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‘Rough ride’: 5 CFO tips for cutting insurance costs amid climate change

Tornadoes, floods, hurricanes and other calamities whipped up by climate change are upending a cornerstone for CFO risk management.

The cost of commercial property insurance in the US has surged, increasing 15% last year in the biggest jump in more than three decades, the Insurance Information Institute said. During the first six months of 2023, the cost of commercial property claims ballooned 30%according to the Swiss Re Institute.

Severe weather has created “certainly the most challenging property market we’ve seen probably since 9/11,” according to Brandon Thompson, senior vice president for risk management at Transwestern, a Houston-based commercial real estate company. “We’re in for a rough ride for the next couple of years.”

CFOs face a seller’s market for commercial property insurance as carriers push up premiums and pull back from high-risk areas, Thompson said in an interview. “You can’t just walk down the street any more and pick up an insurer.”

The turbulence from global warming puts pressure on CFOs and chief risk officers to precisely gauge company vulnerabilities and minimize insurance costs, according to experts in risk management. Solutions range from closer partnerships with insurers and hardening buildings against damage to use of new insurance structures and advanced data analytics.

“If you hold on to your old ways, you’re not going to be able to move forward,” said Zaheer Hooda, head of North America for Cytora, a London-based InsurTech firm.

The frequency of calamities induced by climate change shows no sign of falling.

Through early November this year, the US suffered 25 weather-related disasters, each causing at least $1 billion in damage, according to the National Oceanic and Atmospheric Administration. From 1980 until 2022, the country annually faced just eight such disasters on average, adjusted for inflation.

Disasters causing more than $1B in damage increase

Number of disasters causing more than a $1 billion in damage, CPI adjusted, from 1980 until Nov. 8, 2023.

A $1-trillion-dollar catastrophe currently strikes the US on average every three weeks compared with every four months during the 1980s, NOAA said this month in the US National Climate Assessment, citing inflation-adjusted data.

The footprint from destruction is growing. So called convective storms of heavy rain, lightning, hail and violent wind spread further north this year into Great Lakes states, expanding the range of vulnerability for insurers and businesses alike.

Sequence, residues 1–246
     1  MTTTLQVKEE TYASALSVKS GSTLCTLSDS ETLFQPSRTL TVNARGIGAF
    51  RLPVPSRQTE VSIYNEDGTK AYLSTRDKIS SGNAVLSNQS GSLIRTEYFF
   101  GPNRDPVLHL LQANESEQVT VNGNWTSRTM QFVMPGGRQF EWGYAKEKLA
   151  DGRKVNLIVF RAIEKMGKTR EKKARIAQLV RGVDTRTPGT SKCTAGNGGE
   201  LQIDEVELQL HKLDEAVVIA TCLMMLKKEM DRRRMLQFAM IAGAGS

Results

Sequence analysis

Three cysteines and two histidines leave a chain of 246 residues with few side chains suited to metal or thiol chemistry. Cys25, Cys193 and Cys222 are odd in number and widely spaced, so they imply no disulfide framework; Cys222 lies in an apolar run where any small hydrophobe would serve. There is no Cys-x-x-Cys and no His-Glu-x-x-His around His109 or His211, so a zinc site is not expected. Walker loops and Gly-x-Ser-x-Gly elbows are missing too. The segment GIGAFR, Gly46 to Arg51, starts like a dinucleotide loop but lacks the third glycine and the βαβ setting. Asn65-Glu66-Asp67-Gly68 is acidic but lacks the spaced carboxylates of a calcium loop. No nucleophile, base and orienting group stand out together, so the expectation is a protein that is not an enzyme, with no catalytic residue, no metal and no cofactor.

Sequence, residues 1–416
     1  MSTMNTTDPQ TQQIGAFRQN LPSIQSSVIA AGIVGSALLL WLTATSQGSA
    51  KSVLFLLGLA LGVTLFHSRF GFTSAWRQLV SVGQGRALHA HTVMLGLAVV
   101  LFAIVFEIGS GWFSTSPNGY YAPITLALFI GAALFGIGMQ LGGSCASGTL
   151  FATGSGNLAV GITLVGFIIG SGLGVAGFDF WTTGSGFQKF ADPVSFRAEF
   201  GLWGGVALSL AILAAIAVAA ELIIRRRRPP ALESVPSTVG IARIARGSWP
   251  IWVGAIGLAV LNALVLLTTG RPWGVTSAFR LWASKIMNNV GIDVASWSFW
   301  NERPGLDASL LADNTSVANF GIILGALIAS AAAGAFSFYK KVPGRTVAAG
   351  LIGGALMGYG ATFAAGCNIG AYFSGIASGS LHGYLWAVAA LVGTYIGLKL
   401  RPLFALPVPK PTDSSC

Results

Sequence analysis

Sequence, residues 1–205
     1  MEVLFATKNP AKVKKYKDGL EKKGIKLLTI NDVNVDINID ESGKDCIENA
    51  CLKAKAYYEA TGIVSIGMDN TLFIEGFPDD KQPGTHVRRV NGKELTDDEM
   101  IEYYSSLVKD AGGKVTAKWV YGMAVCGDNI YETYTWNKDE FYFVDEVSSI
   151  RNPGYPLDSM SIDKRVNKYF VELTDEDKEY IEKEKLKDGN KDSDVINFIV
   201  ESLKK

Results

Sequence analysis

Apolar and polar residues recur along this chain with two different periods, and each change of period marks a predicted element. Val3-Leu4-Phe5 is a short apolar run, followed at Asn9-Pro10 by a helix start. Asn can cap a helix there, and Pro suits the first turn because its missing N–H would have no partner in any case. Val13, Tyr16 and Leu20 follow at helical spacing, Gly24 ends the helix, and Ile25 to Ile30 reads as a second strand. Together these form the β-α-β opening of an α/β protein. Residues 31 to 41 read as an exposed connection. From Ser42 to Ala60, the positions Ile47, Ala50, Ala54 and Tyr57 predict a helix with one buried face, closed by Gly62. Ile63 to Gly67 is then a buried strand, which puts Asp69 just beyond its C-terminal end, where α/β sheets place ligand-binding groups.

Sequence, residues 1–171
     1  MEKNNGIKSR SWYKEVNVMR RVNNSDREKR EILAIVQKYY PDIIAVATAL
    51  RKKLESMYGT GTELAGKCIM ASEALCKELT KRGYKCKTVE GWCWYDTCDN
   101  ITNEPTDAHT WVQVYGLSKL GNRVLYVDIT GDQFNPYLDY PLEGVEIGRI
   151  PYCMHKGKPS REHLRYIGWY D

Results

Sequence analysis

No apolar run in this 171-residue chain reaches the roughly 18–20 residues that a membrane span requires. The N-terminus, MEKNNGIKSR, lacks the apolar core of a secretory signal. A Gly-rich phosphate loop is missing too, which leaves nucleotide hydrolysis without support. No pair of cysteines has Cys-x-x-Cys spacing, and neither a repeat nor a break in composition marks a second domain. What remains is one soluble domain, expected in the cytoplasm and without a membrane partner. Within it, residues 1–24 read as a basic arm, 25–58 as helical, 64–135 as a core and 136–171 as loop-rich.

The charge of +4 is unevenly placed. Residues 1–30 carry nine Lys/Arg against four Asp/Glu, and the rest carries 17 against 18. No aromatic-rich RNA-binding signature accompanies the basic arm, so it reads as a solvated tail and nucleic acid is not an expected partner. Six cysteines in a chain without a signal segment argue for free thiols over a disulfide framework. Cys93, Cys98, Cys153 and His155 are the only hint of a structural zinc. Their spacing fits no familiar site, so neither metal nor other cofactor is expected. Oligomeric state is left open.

During the first half of 2023, convective storms caused $34 billion in insured damage in the US — a record for a six-month period and 68% of insured natural catastrophe losses worldwide, according to Swiss Re.

Average annual total cost rises for disasters exceeding $1B

Average annual total cost of $1 billion dollar disaster events during five-year periods from 1984 until Nov. 8, 2023, CPI adjusted.

When calibrating their exposure to potential losses, insurers have long balanced the risk of policies written in damage-prone coastal states such as Florida and California with those in less vulnerable areas of the US heartland.

“That’s no longer as effective with convective storm losses growing so much in the middle of the country,” Thompson said.

During the past 10 years rocketing costs to insurers from extreme weather have outpaced the rise in labor and construction materials costs from inflation — even after accounting for the high price pressures beginning in late 2021.

So-called claim severity, or the average cost of an insurance claim, has soared 150% during the past decade, or about six times faster than inflation, according to David Hemry, director of commercial strategy at Lexis-Nexis Risk Solutions.

Facing losses from severe weather, several insurers are running for cover.

State Farm, one of several carriers pulling back from California, announced in May it will stop accepting new applications for commercial and personal property insurance in the Golden State. Nationwide announced in June unspecified risk reduction in its small- and middle-market commercial property insurance in unidentified states.

Hail in recent years has hammered several regions, especially along the Interstate 35 corridor in Texas and in Denver and other parts of Colorado, Hemry said in an interview. Carriers that for years could accurately predict claims in many areas can no longer do so.

“Insurers in Arkansas, Illinois, Kentucky and Indiana are in a particularly unstable situation,” Demex Group CEO Bill Clark said in an email response to questions.

Meanwhile, reinsurers — the providers of lifeblood financing to insurers — are pulling back. They have hiked premiums from 30% to 50% across the US this year for insurers with catastrophic losses, according to an order signed by California Governor Gavin Newsom in September aimed at strengthening the state’s private insurance market.

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